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Colonial Highlands project clothed in silence


The former managing partner in the $250 million plan to build a mixed-use community on the former 152-acre Colonial Country Club property in Jackson is no longer involved in the effort.

Bo Lockard recently referred the Mississippi Business Journal to Luke Guarisco, whom he said was an original investor in the project.

Numerous calls over several weeks to Guarisco to a number provided by Lockard were not returned.

A Luke Guarisco is listed on the Internet as a principal investor in Guarisco Property Management in Baton Rouge.

Likewise, numerous subsequent calls to Lockard to get an explanation of the change in investors were not returned.

Numerous calls to two new real estate firms, making the total at least four since the property went on the market in 2016, were not returned, though the Journal did talk briefly with Chad Rigby of Rigby Advisors. The other real estate firm is the McEnery Co.

Beyond saying “we have property for sale” and “we’ve gotten lots of calls,” Rigby said he would send Guarisco an email asking him to contact the newspaper. The Journal did not receive a response from Guarisco by publication deadline.

The investment group initially enlisted Speed Commercial Real Estate to market the property, then CBRE.

Lockard said last March that things had not gone as fast as he had hoped.

“We’d rather go slow and very methodically, than willy-nilly. And if that takes another month, six months or a year, we’re going to continue to push that ball until we get all components proper to do what we’ve been approved to do.”

The city of Jackson approved a Traditional Neighborhood Development master plan, calling for 636 living units, most of which will be free-standing homes, along with attached homes as well as apartments for sale or lease.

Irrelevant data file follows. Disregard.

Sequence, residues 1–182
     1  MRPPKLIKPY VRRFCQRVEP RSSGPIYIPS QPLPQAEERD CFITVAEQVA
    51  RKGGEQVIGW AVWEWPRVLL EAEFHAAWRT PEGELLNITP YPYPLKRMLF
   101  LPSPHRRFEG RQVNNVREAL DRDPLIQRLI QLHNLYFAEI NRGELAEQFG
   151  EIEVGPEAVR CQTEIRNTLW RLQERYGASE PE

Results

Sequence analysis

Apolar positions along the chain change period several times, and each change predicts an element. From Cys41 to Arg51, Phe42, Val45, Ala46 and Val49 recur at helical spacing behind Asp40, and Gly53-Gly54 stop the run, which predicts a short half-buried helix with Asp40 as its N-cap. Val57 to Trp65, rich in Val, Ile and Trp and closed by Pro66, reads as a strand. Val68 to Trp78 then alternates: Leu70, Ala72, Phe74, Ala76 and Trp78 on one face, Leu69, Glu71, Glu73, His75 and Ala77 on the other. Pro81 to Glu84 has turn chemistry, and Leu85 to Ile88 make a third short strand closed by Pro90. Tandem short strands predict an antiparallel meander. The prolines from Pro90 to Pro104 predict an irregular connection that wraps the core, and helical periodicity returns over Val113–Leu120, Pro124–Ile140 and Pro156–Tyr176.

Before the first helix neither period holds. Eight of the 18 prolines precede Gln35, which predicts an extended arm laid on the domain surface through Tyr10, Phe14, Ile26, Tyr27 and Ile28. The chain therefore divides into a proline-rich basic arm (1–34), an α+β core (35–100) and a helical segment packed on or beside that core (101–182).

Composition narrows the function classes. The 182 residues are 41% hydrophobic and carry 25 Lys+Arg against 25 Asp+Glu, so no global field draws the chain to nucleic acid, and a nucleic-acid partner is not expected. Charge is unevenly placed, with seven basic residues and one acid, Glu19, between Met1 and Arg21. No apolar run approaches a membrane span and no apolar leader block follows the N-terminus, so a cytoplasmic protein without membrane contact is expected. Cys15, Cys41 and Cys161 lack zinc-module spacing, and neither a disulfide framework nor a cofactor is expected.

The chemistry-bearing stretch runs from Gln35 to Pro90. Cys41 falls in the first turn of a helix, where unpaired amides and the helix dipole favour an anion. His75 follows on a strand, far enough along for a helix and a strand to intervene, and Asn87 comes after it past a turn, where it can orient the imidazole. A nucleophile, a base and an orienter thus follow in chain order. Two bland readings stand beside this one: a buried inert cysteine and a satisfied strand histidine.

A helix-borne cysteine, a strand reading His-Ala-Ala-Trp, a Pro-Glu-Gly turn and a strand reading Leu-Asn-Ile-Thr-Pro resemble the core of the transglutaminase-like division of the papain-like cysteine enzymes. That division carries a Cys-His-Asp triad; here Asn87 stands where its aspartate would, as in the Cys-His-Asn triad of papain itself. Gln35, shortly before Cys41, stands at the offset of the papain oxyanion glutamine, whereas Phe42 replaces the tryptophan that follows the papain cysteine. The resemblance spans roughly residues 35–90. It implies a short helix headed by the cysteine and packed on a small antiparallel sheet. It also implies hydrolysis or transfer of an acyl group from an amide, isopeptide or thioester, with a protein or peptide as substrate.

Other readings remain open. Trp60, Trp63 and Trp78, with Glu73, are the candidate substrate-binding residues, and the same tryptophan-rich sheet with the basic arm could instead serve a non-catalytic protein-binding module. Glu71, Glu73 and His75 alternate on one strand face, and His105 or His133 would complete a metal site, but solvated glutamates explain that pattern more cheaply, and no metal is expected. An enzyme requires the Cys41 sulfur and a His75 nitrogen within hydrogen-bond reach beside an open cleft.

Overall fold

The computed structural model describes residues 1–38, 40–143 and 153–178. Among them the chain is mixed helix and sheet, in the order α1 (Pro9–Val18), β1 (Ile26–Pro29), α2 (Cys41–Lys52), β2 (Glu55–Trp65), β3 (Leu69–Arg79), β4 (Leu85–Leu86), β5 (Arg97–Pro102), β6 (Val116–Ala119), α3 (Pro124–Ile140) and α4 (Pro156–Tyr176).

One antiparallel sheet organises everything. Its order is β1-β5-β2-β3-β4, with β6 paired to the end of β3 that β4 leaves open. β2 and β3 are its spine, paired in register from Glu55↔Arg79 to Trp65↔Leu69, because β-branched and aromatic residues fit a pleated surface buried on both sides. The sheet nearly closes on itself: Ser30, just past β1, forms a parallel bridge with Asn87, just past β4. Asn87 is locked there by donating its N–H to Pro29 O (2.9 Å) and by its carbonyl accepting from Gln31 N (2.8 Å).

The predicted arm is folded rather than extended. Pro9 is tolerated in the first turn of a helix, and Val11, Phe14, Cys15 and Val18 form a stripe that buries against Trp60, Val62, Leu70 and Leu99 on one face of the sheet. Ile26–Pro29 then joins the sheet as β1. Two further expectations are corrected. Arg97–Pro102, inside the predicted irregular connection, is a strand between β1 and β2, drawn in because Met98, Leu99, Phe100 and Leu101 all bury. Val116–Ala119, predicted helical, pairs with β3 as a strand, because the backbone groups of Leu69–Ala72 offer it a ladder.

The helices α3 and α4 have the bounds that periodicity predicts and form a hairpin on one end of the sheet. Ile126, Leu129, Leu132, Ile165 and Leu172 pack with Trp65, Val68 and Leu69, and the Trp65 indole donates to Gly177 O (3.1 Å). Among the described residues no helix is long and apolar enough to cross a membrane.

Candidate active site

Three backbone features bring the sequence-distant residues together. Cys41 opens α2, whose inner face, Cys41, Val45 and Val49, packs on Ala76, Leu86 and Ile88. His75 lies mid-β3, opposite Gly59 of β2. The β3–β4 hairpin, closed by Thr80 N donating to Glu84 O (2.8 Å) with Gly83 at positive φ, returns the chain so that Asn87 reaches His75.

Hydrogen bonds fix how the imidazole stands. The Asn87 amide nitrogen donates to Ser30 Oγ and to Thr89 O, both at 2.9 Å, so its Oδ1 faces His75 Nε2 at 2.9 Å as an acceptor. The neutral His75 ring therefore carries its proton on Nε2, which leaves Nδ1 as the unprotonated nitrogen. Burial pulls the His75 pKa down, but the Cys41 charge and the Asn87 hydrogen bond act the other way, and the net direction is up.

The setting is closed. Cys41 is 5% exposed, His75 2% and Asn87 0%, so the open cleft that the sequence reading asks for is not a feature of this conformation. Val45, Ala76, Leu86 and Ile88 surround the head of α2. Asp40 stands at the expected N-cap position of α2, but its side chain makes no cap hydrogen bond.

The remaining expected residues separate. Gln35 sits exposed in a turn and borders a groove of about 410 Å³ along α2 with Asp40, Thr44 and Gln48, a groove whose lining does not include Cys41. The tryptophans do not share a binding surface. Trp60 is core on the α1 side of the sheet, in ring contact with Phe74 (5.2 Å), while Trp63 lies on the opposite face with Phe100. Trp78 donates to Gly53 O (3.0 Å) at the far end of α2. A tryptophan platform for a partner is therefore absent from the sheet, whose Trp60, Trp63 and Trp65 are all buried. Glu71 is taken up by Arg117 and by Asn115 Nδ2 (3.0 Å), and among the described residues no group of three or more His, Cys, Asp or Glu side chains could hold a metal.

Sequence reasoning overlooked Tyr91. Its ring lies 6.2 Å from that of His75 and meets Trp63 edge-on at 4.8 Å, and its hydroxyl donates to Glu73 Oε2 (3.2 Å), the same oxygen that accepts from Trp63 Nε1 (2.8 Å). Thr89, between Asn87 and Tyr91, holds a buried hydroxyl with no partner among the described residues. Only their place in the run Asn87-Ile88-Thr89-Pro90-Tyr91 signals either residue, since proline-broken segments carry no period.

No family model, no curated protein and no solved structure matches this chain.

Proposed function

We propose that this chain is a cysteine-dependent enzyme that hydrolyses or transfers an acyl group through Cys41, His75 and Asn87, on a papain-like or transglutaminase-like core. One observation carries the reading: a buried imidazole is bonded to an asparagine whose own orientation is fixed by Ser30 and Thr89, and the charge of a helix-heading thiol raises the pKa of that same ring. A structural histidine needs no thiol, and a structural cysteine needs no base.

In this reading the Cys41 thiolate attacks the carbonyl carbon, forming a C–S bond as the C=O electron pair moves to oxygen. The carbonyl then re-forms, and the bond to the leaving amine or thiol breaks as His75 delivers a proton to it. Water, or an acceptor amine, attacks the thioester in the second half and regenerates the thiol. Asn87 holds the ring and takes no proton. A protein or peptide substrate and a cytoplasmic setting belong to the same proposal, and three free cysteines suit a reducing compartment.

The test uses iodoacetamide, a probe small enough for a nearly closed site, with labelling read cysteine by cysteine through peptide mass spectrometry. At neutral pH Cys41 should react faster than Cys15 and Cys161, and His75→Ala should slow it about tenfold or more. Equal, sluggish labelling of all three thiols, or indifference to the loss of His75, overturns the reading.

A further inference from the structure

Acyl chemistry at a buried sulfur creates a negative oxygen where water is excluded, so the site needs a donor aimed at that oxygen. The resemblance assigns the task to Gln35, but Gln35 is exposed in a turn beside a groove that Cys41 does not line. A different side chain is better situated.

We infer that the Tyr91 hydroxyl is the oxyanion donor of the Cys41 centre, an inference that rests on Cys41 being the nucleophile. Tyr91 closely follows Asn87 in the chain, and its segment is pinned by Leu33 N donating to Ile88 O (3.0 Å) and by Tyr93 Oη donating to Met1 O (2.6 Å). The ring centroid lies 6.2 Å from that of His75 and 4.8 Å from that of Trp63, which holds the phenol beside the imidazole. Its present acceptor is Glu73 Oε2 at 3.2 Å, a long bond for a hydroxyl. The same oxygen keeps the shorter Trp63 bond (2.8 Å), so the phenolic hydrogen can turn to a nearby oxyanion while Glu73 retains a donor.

The project got city Planning Board approval in February 2016 and the City Council stamp of approval two months later as a traditional neighborhood, a change from from special use, which is reserved for golf course, parks, churches and other community assets.

The  initial effort by the developers in early 2015 to move forward with a plan was a cause for bad blood and suspicion.

The developers sought to have the city change its zoning code to allow mixed-use development on land zoned for special use, such as parks, hospitals, churches and golf courses. That would have allowed commercial development in those lands without public hearings.

But at a showdown at City Hall with an angry standing-room-only crowd of residents convinced the council members that was not a good idea to pursue. The developers dropped that approach.

The developers had several public meetings later in the year with residents and met with then-Mayor Tony Yarber and other city officials in developing a plan.

The group, Colonial Jackson LLC, enlisted Steven Oubre’ of Lafayette, La., a noted new urbanism architect, to oversee the design.

Meetings with Oubre’ and others in the project team won over the neighborhood associations that had strongly opposed the original concept and approach.


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